I’m so excited to be back interviewing our students about their life at Suffolk. I recently caught up with Raquel, a second year Bioscience student, who told me all about her experience so far at uni.
It’s really interesting for me, as a Sociology student, to hear about other student’s experiences, especially when they are so different from my own.
What does your time in uni look like?
So sometimes I have lectures that start at 11am and finish at 3pm. We get a long break during the day and after every hour or so we get a 10 minute break just to refocus and get a drink.
Sometimes the day is longer and sometimes shorter, so you get a bit of variety.
Do you get a mixture of practical and theory?
Oh, yes, we do! What I really like is we learn the theory and then we apply what we’ve learnt in our theory onto the practical. So after a theory class, the next will be a practical. We get to see the practical before and we read through all the steps.
On the day, they show us how to do it and we often work in pairs. It depends on the module, but it’s usually 50/50 between theory and practical.
What would you like to do in the future?
I’d like to be a neuroscientist. In Bioscience, I’m learning about the whole body and then neuroscience will narrow it down to one part of the body.
What made you choose Bioscience?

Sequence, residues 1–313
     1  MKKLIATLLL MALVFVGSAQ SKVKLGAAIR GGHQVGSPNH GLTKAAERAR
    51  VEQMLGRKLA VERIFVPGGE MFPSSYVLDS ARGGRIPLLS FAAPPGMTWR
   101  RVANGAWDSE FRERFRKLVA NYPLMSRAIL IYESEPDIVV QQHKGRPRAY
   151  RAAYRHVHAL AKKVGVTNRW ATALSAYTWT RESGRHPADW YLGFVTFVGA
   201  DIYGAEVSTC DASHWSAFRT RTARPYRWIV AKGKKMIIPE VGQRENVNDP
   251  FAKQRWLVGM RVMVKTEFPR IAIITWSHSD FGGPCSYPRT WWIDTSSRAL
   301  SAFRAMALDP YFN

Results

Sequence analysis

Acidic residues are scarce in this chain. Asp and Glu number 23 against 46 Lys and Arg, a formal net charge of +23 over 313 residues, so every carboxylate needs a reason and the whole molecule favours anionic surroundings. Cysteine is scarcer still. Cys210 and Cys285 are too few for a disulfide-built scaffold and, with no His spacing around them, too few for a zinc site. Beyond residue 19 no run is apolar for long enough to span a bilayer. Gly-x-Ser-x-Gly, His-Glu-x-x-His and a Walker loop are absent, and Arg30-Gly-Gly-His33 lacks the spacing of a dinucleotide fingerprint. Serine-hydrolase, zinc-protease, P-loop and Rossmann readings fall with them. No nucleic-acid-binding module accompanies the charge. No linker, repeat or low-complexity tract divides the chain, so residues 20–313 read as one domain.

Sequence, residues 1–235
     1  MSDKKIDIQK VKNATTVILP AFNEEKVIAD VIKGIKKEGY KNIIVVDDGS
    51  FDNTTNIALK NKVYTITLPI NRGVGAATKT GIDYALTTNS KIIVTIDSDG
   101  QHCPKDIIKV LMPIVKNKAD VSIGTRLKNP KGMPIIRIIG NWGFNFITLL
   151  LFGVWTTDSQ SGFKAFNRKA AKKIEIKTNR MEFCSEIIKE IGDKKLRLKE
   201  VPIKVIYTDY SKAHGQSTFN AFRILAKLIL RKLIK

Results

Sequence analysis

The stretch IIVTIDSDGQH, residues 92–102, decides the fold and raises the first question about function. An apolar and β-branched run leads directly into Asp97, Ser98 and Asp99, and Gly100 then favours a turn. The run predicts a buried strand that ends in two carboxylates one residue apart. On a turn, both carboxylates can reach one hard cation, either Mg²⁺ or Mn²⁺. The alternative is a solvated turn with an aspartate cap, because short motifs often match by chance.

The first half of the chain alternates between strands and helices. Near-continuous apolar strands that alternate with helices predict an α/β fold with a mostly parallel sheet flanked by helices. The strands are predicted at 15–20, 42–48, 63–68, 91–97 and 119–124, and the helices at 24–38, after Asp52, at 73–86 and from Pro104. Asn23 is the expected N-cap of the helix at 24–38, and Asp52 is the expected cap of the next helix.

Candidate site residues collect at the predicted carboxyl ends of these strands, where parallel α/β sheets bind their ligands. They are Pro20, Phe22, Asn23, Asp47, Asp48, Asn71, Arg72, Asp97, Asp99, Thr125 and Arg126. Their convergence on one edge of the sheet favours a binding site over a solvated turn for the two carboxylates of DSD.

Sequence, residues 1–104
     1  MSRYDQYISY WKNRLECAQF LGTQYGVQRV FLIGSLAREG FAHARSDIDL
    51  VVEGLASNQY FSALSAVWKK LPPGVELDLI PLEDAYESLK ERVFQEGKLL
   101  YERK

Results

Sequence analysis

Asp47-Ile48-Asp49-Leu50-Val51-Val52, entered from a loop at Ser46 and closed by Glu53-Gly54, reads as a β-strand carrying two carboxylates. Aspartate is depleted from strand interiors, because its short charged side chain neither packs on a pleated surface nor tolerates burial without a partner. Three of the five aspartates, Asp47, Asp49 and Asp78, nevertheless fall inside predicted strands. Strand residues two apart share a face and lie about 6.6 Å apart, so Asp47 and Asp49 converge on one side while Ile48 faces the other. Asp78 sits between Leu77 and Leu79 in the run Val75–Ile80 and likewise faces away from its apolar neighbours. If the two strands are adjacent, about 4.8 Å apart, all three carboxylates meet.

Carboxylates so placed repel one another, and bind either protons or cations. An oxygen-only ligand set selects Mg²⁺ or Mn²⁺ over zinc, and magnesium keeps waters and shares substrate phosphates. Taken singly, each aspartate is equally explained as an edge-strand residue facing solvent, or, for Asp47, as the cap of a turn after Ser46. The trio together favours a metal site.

With Bioscience, we learn different things about the body, like the anatomy and physiology. We look at every system in the body, from the nervous system to the cardiovascular system.
It’s quite a broad course, so for those who aren’t sure about what they want to go into, they can choose what they like throughout the course.
What do you do outside of lectures?
I like art, drawing, and I really want to learn how to sew. I also go to the social sports classes by the Students' Union, especially HIIT. Outside of lectures, I also have to get my work done, revise and look into my subject, but of course, you need a balance.
Do you balance your work and social life?
There’s days that you have to sacrifice your “me time” especially when it’s close to exams or deadlines. I think it’s still really important to balance your time, otherwise you get too stressed out.
What advice would you give to a Bioscience applicant?
For those who are worried, just don’t stress! If you’re worried you won’t be able to cope, just make sure you go to lectures.
Lecturers are really good if you don’t understand something, you can ask them straight away if you have a question because it’s a smaller class size. Just persevere through it and you’ll learn lots of skills like writing assignments and time management. I’m sure you’ll love it!